A Good Translator is Never Satisfied: What it’s Like to Work in Literary Translation

What would you like to know about the process of translating novels? We’re now wrapping up Series 1 of our Think in Translation podcast and blog. Thank you to all who’ve listened and participated in our debate on literary translation! At the start of this project we sent out a two-question survey in the hopes of getting a better sense of what it is about translation and translated books that most interests our readers and listeners. The following blog post is the first of two parts (we’ll do one post per question) in which Allan Cameron, Vagabond’s founder as well as a writer and translator himself, responds to the questions we received.

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Found in Translation, Lost in its Prizes: The Trouble with Translated Literature Awards

While in other countries literary translations are broadly published and read, the Anglo-American world seems stubborn in its preference for homegrown literature. Currently attempts are being made to boost the popularity of foreign works through the introduction of new literary awards. But to what extent can literary prizes really help foreign authors to get a firm footing in the English literary market? In this blog post we explore literary translation prizes from a variety of angles to analyse what works and what could use some improvement.

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Thinking in Translation: On the Perks and Pitfalls of Being Multilingual

The life of a non-native speaker has its perks and its challenges: how do you navigate your way through a language that isn’t your own? What pitfalls should you expect? Is there a way to fit in? In this week’s Think in Translation blog post, two logophiles with different backgrounds talk about their experiences as they’ve worked to find their way around the winds and bends of the linguistic maze. 

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Puid Metsa (Coals to Newcastle): Bringing Music and Literature Across Borders

The title of this blog post, Puid Metsa (literally “wood to the forest”, the equivalent of the English saying “coals to Newcastle”), refers to the theme song for Vagabond Voice’s Think in Translation podcast. In this blog post translator and musician Matthew Hyde discusses the inspiration behind this song title as well as his interesting career path.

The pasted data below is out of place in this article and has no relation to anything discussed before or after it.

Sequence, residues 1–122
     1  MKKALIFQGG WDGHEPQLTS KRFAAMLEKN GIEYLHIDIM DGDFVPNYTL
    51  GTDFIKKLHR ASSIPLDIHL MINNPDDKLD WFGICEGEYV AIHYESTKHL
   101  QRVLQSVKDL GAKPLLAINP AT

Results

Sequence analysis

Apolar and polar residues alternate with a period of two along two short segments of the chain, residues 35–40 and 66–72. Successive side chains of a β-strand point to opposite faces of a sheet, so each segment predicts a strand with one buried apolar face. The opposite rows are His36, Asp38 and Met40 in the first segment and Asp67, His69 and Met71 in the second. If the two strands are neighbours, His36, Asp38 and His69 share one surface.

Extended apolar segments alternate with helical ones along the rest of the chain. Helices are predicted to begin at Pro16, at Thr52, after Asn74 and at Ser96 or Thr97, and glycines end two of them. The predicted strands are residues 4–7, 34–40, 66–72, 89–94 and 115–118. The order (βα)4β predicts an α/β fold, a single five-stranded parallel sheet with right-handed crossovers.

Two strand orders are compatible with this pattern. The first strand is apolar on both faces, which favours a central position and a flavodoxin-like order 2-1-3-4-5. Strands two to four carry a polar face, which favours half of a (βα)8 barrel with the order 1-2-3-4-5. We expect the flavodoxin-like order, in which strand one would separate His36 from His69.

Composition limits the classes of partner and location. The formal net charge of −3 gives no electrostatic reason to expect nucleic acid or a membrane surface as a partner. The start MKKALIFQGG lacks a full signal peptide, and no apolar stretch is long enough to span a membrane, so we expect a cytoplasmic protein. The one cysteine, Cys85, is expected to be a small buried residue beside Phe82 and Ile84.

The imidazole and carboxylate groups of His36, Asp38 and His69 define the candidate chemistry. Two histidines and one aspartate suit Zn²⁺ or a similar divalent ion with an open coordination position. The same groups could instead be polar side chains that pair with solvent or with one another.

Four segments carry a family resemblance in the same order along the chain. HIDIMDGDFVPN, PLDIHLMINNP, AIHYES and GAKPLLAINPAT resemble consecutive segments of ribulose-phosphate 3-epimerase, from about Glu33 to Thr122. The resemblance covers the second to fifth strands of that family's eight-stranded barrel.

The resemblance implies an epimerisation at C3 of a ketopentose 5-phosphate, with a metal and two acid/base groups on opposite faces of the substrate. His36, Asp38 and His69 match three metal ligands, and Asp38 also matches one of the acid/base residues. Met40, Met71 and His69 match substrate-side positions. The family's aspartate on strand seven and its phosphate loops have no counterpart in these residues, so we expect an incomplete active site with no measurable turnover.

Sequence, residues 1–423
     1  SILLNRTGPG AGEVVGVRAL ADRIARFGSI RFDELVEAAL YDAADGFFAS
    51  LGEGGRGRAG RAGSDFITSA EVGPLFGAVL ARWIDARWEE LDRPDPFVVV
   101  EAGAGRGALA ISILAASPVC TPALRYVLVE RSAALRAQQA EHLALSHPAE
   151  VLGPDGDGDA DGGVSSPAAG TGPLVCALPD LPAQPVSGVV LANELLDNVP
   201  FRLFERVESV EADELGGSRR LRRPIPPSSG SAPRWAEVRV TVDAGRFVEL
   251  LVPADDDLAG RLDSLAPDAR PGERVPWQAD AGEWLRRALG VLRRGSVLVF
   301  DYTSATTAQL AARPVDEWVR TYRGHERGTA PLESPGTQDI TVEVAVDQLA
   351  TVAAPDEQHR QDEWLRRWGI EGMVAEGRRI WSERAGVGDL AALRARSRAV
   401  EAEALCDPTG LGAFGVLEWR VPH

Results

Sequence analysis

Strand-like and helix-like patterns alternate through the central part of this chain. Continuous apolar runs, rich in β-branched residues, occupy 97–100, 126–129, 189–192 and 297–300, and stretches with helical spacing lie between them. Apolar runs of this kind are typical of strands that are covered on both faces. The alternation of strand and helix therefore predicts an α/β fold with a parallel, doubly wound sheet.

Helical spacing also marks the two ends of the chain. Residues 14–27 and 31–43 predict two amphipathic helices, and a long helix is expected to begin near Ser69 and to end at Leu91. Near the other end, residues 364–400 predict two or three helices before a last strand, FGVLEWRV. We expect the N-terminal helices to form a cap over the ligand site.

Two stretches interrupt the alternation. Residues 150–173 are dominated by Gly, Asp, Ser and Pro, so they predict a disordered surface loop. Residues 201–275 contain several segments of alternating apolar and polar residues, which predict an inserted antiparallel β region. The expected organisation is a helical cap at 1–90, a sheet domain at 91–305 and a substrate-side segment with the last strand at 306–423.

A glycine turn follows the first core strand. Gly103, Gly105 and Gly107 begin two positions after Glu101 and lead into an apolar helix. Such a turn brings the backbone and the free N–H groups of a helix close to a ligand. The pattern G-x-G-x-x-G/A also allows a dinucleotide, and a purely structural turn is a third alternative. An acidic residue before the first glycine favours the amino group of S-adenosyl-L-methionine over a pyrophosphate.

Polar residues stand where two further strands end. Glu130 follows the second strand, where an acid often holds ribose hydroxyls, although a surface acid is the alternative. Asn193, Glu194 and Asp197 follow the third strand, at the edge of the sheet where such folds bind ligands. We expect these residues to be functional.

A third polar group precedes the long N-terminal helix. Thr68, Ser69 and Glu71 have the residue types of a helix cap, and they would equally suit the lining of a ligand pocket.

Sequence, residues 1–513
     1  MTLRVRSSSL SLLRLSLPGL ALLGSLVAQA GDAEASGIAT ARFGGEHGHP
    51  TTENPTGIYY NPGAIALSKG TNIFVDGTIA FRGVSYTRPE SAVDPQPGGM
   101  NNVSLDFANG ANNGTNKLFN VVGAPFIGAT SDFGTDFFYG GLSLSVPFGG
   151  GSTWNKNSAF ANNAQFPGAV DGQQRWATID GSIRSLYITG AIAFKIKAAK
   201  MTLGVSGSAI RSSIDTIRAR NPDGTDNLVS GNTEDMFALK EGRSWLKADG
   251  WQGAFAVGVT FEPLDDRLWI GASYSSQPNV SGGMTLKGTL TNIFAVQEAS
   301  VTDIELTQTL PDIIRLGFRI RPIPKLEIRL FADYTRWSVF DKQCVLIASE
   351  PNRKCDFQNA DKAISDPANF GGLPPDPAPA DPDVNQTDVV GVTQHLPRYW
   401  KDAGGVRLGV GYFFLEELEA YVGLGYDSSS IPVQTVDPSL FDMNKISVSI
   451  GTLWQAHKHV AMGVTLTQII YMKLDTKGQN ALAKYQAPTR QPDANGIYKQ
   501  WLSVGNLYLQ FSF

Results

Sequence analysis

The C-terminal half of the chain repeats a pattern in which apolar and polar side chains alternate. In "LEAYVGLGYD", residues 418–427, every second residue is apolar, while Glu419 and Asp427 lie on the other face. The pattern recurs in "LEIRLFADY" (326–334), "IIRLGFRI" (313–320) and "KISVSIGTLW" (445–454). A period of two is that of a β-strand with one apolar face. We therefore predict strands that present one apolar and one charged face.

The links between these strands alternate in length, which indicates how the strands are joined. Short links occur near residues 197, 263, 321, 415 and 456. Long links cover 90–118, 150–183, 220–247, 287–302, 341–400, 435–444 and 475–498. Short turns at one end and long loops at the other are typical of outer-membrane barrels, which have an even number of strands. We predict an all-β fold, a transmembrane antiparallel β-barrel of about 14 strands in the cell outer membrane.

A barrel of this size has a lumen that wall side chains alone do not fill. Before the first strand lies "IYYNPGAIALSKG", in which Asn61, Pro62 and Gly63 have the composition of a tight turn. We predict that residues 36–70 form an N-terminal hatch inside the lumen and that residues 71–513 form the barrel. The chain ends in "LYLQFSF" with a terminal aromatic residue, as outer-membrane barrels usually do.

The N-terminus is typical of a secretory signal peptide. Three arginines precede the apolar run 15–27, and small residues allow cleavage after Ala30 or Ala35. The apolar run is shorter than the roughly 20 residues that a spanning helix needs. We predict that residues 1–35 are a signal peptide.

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The Craft of Translation

Can a translation be beautiful? Is it even noticed? In this instalment of our Think in Translation blog series, Vagabond’s founder Allan Cameron, who has translated dozens of books, discusses his process for translating The Anonymous Novel from Italian into English. The Anonymous Novel has received much critical praise, including being called “a literary miracle” by Vitali Vitaliev. The Herald said Allan’s translation brilliantly conveys the sense “that some Russian Master had been leaning over [the author’s] shoulder, guiding his hand.”

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A Home for Translation and Translated Novels

We wish to explore everything from the process of translation itself to what it’s like for an author to read their work in translation, to what influences a bookseller to buy a particular translation and what translated books are most popular amongst readers right now. It’s a broad topic and I can’t predict where Think in Translation will take the discussion we hope it will spark, but I look forward to watching it unfold.Vagabond Voices' founder Allan Cameron introduces the Think in Translation project and explains why we believe it's necessary.  

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Remember the Translator

Vagabond Voices continues to celebrate translations and its translators. It is proper that translators are occasionally invisible (particularly when the reader is busy suspending disbelief), as their task is to present the authors and not themselves to the reader. But the actual words are not the authors’, but the translators’, and it is also proper that the reader recalls the presence of this intricate and generous craft.

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Why Do We Need Translated Literature?

Why should you read a translated novel, when there are so many good ones written in English? Surely a translation is never as good as the original? Who benefits most from translated literature? In this blog post Vagabond founder Allan Cameron explores these questions and also discusses the precarious position of small publishers of translated literary fiction.

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